Jazz Icons: Charles Mingus Live in '64
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Jazz Icons: Charles Mingus showcases three exceptional concerts performed in April 1964 featuring his most celebrated lineup--Jaki Byard (piano), Dannie Richmond (drums), Johnny Coles (trumpet), Clifford Jordan (tenor sax) and the great Eric Dolphy (alto sax, flute and bass clarinet). Recorded within an eight-day span, less than three months before Dolphy's death, the three concerts showcase Mingus's visionary leadership and the band's incredible depth and diversity with unique performances and arrangements of classics including "So Long Eric" and the groundbreaking "Meditations On Integration".
"Jazz Icons is doing for jazz what the Criterion Collection has done for classic and important films". -- Jazz Times
Jazz Icons represents the new millennium's most welcome shot in the arm for the music's soul -- Newsday.com, October 14, 2007, Gene Seymour
The iconoclast among icons. This DVD gives witness to three of Mingus's finest live performances, with one of his most potent groups on fire. -- Bass Player Magazine, November 2007
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Top Customer Reviews
Jaki Byard sounds amazing on the recordings also. His knowledge of all types of music seeps into his improvisations. One minute he's evoking Jelly Roll Morton and the next Tchaikovsky and Alban Berg, and Asian flavors blossom, too. Clifford Jordan is an understated player, and he's technically precise with a nice tone quality. His way of working fit perfectly with Mingus' overwhelming and fiery personality. Richmond, an ebullient drummer with an obvious love for playing with this group of musicians follows Mingus well and changes the tempi with precision in Meditations. Coles' trumpet playing is also undertstated, yet beautifully expressive. It's clear Miles Davis had a strong influence on his playing with the bending of notes and lovely tone quality.
Eric Dolpy and Mingus are the stars, however. Dolphy blows my mind with his virtuosity on three instruments. His flute playing is lovely and nuanced and when he grabs the bass clarinet another side of him comes to the fore. Pyrotechnics is the word that comes to mind. His alto saxophone playing is equally mind-numbing.
Mingus put together one of the best groups of musicians ever and composed music perfectly suited to their talents.
about his 1964 band. When I heard the beautiful & bizarre saxaphone playing, I thought, Could that be Eric Dolphy?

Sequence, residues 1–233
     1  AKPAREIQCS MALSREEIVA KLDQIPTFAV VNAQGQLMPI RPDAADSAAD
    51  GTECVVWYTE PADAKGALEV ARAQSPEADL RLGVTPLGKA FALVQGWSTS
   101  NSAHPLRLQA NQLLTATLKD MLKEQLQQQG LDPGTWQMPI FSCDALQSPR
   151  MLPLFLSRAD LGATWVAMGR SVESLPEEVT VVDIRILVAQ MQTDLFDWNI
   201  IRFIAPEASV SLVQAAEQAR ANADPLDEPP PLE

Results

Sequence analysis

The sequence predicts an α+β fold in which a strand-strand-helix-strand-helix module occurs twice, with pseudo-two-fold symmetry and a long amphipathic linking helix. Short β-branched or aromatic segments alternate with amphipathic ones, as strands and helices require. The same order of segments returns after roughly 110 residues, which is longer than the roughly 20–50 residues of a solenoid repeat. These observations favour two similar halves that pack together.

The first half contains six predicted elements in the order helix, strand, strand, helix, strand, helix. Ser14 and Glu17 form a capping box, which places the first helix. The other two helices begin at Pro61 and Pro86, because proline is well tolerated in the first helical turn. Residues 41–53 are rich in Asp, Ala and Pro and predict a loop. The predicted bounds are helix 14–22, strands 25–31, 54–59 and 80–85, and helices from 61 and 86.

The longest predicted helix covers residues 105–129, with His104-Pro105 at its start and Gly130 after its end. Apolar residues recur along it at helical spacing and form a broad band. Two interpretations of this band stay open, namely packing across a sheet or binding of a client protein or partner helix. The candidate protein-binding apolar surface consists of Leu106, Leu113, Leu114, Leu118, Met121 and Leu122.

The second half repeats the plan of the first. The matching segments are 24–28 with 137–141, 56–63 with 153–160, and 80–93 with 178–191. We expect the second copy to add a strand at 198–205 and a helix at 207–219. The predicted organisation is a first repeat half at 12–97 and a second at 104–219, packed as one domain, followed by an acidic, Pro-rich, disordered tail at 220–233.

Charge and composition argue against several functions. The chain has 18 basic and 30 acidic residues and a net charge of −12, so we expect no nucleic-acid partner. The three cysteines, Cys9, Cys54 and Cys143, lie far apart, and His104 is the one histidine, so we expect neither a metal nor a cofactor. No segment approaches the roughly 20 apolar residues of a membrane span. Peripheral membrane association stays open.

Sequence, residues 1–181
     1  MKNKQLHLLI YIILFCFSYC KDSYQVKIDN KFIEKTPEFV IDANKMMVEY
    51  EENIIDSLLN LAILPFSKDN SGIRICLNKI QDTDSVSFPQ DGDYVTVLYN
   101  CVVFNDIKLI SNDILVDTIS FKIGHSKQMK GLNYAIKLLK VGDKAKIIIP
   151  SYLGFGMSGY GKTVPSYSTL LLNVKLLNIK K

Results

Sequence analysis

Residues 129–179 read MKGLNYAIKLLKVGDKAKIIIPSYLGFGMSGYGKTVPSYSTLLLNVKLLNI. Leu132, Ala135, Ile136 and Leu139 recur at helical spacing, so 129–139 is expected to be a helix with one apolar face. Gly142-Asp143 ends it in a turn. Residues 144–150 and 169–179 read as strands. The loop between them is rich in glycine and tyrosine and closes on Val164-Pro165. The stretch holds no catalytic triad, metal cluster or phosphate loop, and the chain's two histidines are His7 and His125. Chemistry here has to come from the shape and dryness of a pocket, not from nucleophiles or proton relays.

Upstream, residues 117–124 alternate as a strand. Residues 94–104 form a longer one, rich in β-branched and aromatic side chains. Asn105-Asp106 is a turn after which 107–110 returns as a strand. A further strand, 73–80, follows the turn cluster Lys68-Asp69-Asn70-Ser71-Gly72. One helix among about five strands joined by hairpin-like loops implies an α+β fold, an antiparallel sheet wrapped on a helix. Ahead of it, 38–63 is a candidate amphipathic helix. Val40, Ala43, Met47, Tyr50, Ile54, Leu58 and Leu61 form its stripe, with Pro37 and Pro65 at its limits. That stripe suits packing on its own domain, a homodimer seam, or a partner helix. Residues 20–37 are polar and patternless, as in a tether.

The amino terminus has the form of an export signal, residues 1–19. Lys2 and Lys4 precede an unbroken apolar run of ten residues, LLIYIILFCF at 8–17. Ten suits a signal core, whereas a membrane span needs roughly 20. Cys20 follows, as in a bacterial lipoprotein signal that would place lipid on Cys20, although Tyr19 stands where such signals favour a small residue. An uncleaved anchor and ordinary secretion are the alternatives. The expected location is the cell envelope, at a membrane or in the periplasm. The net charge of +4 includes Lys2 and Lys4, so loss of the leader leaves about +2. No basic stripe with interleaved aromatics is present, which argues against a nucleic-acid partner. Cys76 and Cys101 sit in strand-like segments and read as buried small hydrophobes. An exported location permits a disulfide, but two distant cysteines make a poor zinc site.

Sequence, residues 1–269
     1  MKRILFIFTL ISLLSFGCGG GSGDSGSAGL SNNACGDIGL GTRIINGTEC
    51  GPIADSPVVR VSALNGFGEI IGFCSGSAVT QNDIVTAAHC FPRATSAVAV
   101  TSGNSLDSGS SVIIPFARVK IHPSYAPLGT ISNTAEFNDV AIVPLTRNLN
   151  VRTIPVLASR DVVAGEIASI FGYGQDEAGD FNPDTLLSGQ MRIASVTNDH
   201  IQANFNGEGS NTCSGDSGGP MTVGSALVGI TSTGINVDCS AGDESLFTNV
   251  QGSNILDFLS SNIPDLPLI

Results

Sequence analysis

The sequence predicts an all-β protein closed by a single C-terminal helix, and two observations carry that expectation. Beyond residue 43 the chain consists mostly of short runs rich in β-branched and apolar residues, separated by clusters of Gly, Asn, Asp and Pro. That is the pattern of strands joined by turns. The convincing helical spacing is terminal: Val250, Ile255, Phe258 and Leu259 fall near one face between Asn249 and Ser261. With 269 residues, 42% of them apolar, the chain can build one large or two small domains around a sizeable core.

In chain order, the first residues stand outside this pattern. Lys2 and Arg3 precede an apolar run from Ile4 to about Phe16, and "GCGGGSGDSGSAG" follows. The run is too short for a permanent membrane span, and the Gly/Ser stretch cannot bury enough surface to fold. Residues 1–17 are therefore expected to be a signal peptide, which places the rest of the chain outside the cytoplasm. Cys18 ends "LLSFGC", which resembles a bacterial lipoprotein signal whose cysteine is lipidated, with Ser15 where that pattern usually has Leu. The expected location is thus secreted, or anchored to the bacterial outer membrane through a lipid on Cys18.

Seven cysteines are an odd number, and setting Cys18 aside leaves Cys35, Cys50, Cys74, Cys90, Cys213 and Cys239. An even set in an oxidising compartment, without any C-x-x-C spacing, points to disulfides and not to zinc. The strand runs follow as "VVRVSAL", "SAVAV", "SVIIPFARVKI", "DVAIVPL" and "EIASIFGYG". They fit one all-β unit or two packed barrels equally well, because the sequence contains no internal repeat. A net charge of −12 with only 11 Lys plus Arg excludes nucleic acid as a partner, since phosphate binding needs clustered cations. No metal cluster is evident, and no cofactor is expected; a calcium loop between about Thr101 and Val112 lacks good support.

Of course it was, & at the peak of his power! No longer a Coltrane follower/acolyte, but a master in his own right.
I've watched the DVD closely & also played it in the background. Mingus gives you a history of Jazz, from New Orleans to Charlie Parker, to the ensemble jazz of late '50's/early '60's, to Dolphy foreshadowing the experimentalism of the mid to late 60's. Though many decried Dolphy (Coltrane & Ayler), they were superb musicians who had mastered many forms of music before trying to break the barriers of time, space & sound. Just like Picasso could paint like a master, before he re-invented himself many times, Dolphy & the suberb band are restless innovators & imporovisers on a high plateau that few mortals will ever ascend to.
I loved the rehearsal snippets where Mingus stops the band. Even though they were doing great by most standards, he was always aiming higher. Inspirational! This is serious music filled with beauty, melancholy, grace & joy. Definitely a peak of modern jazz & American music in general.
Mingus was an excellent arranger and composer, as well as leading his band on stage in improvised arrangements, and encouraging his band to improvise ensemble passages during solos. There are several instances on the video when you can see two of the horn players catch each other's eye while another is soloing and devise a supporting lick then play it behind the soloist. During the long, and carefully arranged, "Meditations On Integration" Mingus places objects in Byard's piano for some improvised prepared piano and Byard doesn't miss a beat. During a scorching Dolphy solo Mingus sings a lick for Dolphy to include in his solo, then Jordan and Coles pick it up and use it in a lick for ensemble support behind Dolphy. What other band could do things like that? There's some true esp in this band.
When a soloist is hot Mingus will cut out the band to allow him full expression, as he does for Jordan during his solo on "Take the A Train" - Mingus is so excited he stomps his feet as he gives Jordan the floor to preach from his pulpit. While soloing the band keeps an eye on each other, and on Mingus, as Mingus allows for moments of elasticity. It's difficult to hear the exact words, but before the band breaks into "Parkerania" you can hear them discussing how many chorus's each will take - Mingus says something like, let's say 5 cause if we say 8 we'll take 10." "Parkerania" doesn't seem to be gelling like it could - so Mingus stops the band in the middle of a Coles solo, stomps out a beat, and they light into "A Train," playing some of the best solos on the whole DVD.
This video is an education in how a small group can become an integrated unit, how modern jazz can effectively use interplay of the ensemble and soloist as in traditional jazz - and do so either prearranged and on the fly - and in the effectiveness of band members staying on stage together to allow for a kind of interplay unattainable otherwise. Furthermore, it shows that a band doesn't need to be made up of stars in order to achieve a rarefied state of excellence.